9. Methylmercury poisoning: Long-term clinical, radiological, toxicological, and pathological studies of an affected family Annals of Neurology Volume 35, Issue 6, pages 680–688, June 1994 Dr. Larry E. Davis MD1,6,*, Mario Kornfeld7, Herbert S. Mooney MD7, Kurt J. Fiedler MD2,6, Kathleen Y. Haaland PhD3,4,6,8, William W. Orrison MD5,9, Elsa Cernichiari MS10, Thomas W. Clarkson PhD10 Article first published online: 8 OCT 2004 DOI: 10.1002/ana.410350608 Abstract
For 3 months in 1969 a family in the United States that included a pregnant mother consumed pork containing methylmercury. Children, aged 20, 13, and 8 years and a neonate, developed severe neurological signs. Twentytwo years later, the 2 oldest had cortical blindness or constricted visual fields, diminished hand proprioception, choreoathetosis, and atentional deficits. Magnetic resonance images showed tissue loss in the calcarine and parietal cortices and cerebellar folia. The youngest had quadriplegia, blindness, and severe mental retradation until their deaths. The brain of the 8-year-old who died at age 30 showed cortical atrophy, neuronal loss, and gliosis, most pronounced in the paracentral and parietooccipital regions. The total mercury level in formalin-fixed, left occipital cortex was 1,974 ng/gm as measured by atomic absorption. Regional brain mercury levels correlated with extent of brain damage. A control patient had 38.5 ng of mercury/gm in the occipital cortex. Systemic organs in the patient and a control subject had comparable mercury levels. In mercury-intoxicated rats, we found that only 5 to 10% of total brain mercury was lost by formalin fixation. Brain inorganic mercury in the patient ranged from 82 to 100%. Since inorganic mercury crosses the blood-brain barrier poorly, biotransformation of methyl to inorganic mercury may have occurred after methylmercury crossed the blood-brain barrier, accounting for its persistence in brain and causing part of the brain damage.

10. Acta Neuropathologica Volume 20, Number 4, 316-334, DOI: 10.1007/BF00691749 Original Investigations Ultrastructural studies of the nervous system after mercury intoxication

Louis W. Chang and Henrik A. Hartmann Abstract
Mercury was first detected histochemically in the Schwann cells between 12 and 24 h after the administration of organic or inorganic mercury compound. After 4 days of intoxication, mercury could be observed in the axoplasm. Pathological changes in the dorsal root fibers were observed 1 week after CH3HgCl and 2 weeks after HgCl2 intoxication. After HgCl2 poisoning, a large axonal space was created in many axons as a result of detachment of the axolemma from the myelin sheath and axonal shrinkage. Axonal degeneration, vacuolation, and collapse were observed in many nerve fibers. Although myelin destruction could be observed occasionally, the regular lamination and periodicity of the myelin sheath were usually preserved. After CH3HgCl poisoning, however, the myelin sheaths seemed to have lost their lamination and have a smudged or solid appearance. Extensive axoplasmic degeneration, axonal collapse, and myelin destruction were the most prominent lesions observed in these nerve fibers. Pathological changes in the ventral root fibers and sciatic nerve were not observed until the second week of intoxication by either organic or inorganic mercury compound. While only limited damages were produced in the ventral root fibers, extensive degradation of the axons and demyelination of the nerve fibers were observed in the sciatic nerve. Disoriented layering of myelin to form concentric myelin structures and active phagocytosis of the degenerative debris by the reactive Schwann cells were also observed.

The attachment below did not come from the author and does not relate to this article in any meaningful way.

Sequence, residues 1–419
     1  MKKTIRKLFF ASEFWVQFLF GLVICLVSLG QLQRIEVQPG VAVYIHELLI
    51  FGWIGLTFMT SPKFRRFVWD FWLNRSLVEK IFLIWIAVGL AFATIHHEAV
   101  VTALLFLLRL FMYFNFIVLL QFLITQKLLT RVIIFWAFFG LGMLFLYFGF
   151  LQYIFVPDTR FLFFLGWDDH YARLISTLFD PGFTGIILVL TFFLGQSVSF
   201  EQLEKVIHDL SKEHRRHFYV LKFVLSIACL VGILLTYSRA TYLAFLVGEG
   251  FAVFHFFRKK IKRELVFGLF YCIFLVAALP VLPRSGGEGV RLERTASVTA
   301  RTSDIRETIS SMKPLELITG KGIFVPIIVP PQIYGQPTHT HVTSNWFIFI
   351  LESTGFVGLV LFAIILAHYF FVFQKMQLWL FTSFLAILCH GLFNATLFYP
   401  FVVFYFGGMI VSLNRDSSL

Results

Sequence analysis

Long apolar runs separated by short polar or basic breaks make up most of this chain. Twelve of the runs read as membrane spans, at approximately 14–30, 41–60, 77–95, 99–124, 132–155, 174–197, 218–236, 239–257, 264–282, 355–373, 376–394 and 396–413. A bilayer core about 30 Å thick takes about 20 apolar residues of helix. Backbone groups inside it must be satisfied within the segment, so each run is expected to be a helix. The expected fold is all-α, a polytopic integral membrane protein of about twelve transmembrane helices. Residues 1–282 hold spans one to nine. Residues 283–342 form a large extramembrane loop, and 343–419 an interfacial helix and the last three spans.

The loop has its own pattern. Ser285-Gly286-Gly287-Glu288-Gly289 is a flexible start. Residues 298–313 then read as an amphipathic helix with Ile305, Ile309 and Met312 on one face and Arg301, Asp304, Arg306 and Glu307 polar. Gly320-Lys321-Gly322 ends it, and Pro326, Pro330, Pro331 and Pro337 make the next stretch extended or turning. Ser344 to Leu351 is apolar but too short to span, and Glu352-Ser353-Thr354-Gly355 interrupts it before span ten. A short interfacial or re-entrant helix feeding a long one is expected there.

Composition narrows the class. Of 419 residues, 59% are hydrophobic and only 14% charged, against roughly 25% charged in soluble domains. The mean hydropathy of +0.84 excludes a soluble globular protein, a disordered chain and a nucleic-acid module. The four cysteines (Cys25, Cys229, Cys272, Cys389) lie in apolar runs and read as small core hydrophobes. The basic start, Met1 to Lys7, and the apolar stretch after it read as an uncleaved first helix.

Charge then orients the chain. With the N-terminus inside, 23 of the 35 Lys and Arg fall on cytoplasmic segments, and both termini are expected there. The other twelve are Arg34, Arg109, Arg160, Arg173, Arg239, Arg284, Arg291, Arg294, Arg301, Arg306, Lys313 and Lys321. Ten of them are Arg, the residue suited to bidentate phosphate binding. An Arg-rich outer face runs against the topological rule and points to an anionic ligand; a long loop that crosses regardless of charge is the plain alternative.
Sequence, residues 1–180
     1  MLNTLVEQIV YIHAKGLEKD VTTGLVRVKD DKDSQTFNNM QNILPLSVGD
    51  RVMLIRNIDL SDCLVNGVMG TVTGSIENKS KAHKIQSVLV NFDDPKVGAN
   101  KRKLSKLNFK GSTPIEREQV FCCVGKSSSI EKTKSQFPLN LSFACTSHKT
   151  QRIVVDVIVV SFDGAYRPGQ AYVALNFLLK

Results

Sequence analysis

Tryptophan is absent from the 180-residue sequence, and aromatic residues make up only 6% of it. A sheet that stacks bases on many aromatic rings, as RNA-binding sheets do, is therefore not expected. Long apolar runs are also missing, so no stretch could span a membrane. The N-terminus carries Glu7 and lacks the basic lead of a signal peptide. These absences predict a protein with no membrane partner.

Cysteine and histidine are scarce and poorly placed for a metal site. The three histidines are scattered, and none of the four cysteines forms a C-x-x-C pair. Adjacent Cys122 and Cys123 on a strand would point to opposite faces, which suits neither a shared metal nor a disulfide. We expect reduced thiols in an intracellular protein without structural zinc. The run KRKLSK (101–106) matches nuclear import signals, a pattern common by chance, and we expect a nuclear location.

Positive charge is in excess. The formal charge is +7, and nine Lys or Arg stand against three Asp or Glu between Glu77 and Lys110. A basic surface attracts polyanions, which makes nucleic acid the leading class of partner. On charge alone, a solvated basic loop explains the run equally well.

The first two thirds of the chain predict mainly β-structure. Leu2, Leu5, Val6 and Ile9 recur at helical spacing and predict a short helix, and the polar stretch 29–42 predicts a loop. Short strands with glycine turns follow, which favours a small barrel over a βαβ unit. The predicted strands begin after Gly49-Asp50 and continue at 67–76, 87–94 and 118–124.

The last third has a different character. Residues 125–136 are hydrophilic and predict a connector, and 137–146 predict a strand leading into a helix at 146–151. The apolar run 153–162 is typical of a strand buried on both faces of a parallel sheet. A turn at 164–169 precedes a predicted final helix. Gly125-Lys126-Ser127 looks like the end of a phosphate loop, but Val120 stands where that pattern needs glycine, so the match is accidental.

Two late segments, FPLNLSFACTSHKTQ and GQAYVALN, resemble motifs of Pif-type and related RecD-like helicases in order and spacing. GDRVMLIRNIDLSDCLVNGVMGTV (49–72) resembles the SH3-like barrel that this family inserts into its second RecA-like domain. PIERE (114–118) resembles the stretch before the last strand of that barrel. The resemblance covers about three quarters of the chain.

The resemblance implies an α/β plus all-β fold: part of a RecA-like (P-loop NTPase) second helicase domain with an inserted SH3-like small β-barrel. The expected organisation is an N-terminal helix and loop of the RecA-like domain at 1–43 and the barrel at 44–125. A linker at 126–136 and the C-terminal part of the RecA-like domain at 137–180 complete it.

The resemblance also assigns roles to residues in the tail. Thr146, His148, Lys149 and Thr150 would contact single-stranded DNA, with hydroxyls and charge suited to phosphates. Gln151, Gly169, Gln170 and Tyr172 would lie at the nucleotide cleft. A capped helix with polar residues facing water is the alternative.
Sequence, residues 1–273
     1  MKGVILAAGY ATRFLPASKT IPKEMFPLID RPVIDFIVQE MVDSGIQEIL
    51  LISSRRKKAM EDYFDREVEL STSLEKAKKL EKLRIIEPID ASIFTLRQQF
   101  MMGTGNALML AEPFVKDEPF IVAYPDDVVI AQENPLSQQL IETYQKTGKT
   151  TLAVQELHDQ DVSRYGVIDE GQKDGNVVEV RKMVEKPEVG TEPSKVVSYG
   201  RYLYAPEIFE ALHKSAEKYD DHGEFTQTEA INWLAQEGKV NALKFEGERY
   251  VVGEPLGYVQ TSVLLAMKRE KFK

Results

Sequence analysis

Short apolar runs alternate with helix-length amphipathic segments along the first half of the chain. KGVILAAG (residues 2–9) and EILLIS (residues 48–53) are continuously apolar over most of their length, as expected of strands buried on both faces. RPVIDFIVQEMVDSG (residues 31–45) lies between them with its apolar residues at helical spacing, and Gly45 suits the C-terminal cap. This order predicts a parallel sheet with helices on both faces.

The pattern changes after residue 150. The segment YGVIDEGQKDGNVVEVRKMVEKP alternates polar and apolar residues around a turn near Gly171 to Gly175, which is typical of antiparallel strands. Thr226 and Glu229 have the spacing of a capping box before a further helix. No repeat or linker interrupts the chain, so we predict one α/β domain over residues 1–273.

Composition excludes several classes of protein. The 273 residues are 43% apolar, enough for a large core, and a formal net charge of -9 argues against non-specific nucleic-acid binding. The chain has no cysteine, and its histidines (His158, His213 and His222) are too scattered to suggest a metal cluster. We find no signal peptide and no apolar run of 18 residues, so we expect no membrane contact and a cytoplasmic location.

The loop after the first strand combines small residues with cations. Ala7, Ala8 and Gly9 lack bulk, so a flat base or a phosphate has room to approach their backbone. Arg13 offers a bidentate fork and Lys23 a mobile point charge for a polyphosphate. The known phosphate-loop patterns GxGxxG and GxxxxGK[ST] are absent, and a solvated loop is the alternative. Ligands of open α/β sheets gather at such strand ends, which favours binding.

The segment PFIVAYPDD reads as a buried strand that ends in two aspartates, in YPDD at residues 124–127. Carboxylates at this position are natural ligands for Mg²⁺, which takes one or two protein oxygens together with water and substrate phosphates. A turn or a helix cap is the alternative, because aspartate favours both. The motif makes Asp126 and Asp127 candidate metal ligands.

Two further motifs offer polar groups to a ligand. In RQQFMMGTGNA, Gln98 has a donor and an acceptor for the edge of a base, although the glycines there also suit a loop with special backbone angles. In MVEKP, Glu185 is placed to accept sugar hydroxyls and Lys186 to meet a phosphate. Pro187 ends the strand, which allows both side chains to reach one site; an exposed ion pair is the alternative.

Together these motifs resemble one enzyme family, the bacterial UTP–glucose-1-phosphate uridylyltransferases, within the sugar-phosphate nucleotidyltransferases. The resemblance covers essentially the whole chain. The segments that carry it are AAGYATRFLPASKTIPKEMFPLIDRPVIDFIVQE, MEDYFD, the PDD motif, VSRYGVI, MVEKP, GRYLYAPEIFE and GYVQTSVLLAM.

11. MEDICAL HYPOTHESES Volume 56, Issue 4, Pages 462-471 (April 2001) Autism: a novel form of mercury poisoning S. Bernard, A. Enayati, L. Redwood, H. Roger, T. Binstock Received 3 July 2000; accepted 22 December 2000. Abstract
Autism is a syndrome characterized by impairments in social relatedness and communication, repetitive behaviors, abnormal movements, and sensory dysfunction. Recent epidemiological studies suggest that autism may affect 1 in 150 US children. Exposure to mercury can cause immune, sensory, neurological, motor, and behavioral dysfunctions similar to traits defining or associated with autism, and the similarities extend to neuroanatomy, neurotransmitters, and biochemistry. Thimerosal, a preservative added to many vaccines, has become a major source of mercury in children who, within their first two years, may have received a quantity of mercury that exceeds safety guidelines. A review of medical literature and US government data suggests that: (i) many cases of idiopathic autism are induced by early mercury exposure from thimerosal; (ii) this type of autism represents an unrecognized mercurial syndrome; and (iii) genetic and non-genetic factors establish a predisposition whereby thimerosal’s adverse effects occur only in some children.

12. Neurobehavioral effects from exposure to dental amalgam Hgo: new distinctions between recent exposure and Hg body burden Diana Echeverriaa,b,1, H. Vasken Aposhianc, James S. Woodsa,b, Nicholas J. Heyerb, Mary M. Aposhianc, Alvah C. Bittner, JR.a,b, Roderick K. Mahurin, and Margaret Cianciolad a Battelle Centers for Public Health Research and Evaluation, Seattle, Washington 98105, USA